The main intention behind writing this blog and committing to that practice weekly was and still is to forge a writing habit as grounding for a book. Hand on heart, the motivation to blog has waned: not because I don’t enjoy it - I very much do; but rather because time and space to write feels squeezed. It’s not just finding the time, making the time but also having the mind space to sit and ponder what feels important to write about each week. Client work on Monday and Tuesday, teaching on Wednesday and Thursdays - those four days take the toll, no matter how much I still enjoy my work. I’m learning to honour the load and try not to squeeze myself so dry. I was talking with colleagues at the Uni this week - this has felt like a long term. We, and the student trainees need a break. That break comes in the shape of a 3 week break from teaching. It is my intention to spend a good chunk of that time away in France on a writing retreat. A chance to really engage with the joy of writing and planning my book. As I write that, I feel excited.
Three years ago, my wife and I spent 2 weeks at this very time of year at this very same spot in Normandy. Back then, I was writing up my Masters research. Three years later, and I want to re-visit my ideas of around the integration of the Buddhist dharma and a relational psychotherapy. Recently, following some wonderful conversations with equally wonderful friends and colleagues, the type of book I want to write is gaining some shape and clarity. I don’t want to write a text book, an academic piece but rather something more autobiographical, more heuristic. The heuristic approach is the method I used in my Masters research; and while it was a painful process (!), it really lends itself to allowing me and the reader to go on a journey: as I communicate my learning, the reader learns too. I think this will be especially true in using the blogging platform to write the book - a chance to interact with the potential readership; to hear their learning and let that also impact on me.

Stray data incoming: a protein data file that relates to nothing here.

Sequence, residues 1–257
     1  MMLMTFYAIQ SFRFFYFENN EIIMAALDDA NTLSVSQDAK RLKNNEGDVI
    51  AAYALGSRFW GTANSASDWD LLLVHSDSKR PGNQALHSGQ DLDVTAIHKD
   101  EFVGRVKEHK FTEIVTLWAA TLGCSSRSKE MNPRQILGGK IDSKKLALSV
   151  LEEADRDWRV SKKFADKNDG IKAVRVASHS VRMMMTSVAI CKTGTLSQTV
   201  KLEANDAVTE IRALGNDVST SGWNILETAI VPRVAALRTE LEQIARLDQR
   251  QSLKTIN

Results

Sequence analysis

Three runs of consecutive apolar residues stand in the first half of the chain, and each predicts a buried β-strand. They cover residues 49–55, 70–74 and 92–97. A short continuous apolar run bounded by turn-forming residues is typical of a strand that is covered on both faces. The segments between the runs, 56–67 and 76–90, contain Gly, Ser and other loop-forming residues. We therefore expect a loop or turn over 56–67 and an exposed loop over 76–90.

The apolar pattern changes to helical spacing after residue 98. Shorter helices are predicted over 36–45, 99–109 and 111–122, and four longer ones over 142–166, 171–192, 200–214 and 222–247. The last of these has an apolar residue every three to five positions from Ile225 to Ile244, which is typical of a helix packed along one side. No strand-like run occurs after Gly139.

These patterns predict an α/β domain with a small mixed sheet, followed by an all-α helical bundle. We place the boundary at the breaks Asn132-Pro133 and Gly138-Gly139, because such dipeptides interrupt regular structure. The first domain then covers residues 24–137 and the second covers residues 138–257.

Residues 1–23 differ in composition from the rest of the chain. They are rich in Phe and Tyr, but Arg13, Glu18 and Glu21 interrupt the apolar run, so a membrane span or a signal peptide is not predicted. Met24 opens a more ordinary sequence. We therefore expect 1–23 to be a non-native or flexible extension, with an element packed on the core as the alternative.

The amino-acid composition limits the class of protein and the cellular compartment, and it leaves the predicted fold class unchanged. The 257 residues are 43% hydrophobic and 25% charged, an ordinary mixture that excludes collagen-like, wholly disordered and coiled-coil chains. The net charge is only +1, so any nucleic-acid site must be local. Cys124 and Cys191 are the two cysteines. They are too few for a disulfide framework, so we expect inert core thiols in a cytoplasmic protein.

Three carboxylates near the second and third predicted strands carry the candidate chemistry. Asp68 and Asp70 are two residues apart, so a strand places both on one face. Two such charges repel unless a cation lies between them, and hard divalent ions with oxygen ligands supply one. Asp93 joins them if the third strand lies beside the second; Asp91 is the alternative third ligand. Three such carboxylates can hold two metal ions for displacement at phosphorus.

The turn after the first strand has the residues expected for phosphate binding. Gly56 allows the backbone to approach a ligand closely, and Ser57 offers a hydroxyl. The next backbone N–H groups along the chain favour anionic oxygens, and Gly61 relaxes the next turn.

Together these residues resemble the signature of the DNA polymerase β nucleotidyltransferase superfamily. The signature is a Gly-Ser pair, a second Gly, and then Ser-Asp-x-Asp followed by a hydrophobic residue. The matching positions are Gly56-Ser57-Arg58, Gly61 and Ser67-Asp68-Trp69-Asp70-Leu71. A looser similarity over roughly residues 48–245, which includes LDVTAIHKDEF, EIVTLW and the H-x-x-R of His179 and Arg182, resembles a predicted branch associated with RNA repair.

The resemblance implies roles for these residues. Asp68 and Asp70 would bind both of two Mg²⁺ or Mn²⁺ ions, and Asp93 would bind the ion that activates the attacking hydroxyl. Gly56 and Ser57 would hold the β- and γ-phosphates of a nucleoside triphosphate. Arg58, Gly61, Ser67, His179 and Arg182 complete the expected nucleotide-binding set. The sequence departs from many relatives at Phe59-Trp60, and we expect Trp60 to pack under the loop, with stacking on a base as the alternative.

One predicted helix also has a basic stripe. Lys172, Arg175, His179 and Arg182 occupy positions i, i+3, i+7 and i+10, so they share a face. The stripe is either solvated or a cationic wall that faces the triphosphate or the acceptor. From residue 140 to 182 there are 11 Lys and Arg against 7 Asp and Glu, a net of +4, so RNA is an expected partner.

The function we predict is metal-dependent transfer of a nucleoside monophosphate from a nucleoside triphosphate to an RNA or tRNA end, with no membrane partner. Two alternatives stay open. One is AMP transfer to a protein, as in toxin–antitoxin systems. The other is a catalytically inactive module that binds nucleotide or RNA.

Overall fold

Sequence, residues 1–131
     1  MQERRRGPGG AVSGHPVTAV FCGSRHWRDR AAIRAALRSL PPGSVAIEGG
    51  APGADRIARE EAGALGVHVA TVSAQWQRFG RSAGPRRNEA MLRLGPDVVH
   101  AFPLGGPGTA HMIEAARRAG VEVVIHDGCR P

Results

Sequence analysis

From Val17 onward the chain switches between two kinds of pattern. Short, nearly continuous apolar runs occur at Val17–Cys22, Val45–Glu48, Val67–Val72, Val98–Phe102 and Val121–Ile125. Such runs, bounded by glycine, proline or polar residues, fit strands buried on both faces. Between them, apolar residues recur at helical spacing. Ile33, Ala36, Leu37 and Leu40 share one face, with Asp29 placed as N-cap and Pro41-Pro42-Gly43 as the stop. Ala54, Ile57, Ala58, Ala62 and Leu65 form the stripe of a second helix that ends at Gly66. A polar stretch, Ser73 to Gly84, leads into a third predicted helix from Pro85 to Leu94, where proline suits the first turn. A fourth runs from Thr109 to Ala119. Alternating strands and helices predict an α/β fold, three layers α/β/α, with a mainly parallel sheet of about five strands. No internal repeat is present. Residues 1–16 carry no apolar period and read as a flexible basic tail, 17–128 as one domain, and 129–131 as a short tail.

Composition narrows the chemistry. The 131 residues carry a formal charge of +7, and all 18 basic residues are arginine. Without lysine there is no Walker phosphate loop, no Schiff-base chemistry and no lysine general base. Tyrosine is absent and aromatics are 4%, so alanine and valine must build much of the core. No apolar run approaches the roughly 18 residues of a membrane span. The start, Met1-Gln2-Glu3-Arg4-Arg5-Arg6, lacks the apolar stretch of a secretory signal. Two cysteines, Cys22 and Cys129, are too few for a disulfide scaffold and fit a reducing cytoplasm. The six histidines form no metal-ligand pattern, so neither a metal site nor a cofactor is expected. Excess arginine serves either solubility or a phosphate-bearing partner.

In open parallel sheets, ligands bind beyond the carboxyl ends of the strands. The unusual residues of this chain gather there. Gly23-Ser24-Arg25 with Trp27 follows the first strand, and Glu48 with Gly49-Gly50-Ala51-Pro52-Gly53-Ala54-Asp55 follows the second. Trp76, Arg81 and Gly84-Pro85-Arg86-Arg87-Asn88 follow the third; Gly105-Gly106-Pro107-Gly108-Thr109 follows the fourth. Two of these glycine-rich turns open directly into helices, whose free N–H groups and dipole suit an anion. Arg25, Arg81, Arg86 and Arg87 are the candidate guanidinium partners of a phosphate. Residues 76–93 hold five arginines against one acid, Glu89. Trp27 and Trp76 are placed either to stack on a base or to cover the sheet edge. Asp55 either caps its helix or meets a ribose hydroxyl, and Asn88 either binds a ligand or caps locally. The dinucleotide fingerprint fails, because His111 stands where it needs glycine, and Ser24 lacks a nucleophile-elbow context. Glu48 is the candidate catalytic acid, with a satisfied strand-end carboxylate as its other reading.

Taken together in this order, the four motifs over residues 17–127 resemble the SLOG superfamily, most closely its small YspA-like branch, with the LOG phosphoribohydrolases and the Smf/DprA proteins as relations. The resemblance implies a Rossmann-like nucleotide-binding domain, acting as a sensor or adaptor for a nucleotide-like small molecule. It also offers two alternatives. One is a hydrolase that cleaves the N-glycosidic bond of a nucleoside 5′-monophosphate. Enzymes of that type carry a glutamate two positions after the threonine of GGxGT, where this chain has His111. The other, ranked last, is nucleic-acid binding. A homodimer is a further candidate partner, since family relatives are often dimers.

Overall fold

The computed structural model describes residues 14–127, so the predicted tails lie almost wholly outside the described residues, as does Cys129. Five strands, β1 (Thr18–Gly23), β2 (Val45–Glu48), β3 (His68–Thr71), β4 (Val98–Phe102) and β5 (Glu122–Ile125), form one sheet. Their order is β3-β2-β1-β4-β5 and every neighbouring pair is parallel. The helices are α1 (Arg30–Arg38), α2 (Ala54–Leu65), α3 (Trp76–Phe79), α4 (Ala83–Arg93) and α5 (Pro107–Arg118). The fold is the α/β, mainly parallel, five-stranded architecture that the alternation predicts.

A few things have been coming together in the past week that have moved my book project back to the foreground of my awareness: the reading of a new text on Buddhist psychology and the gestalt therapy approach, and a few conversations with supervisees and students to name but two. It feels timely that I have a writing retreat in my beloved Normandy planned for just before Easter. I can feel a buzz of excitement, this happens within me when the pursuit of meaning and experience align.
I’ve been reflecting on the common ground of my psychotherapeutic view (that of Gestalt) and the view that holds my world and very being (that of Buddhism). There is much common ground and convergence, but what I am holding figural is the key quality of awareness. In both systems of thought, suffering can be alleviated by becoming more aware of experience – to separate out the stories from ‘what is’ in the moment. In Buddhism, that quality of awareness can be honed through various methods of meditation; in psychotherapy it is the relationship being offered to develop awareness in the client. And in Gestalt psychotherapy, we have a particular method – that of the ‘experiment’.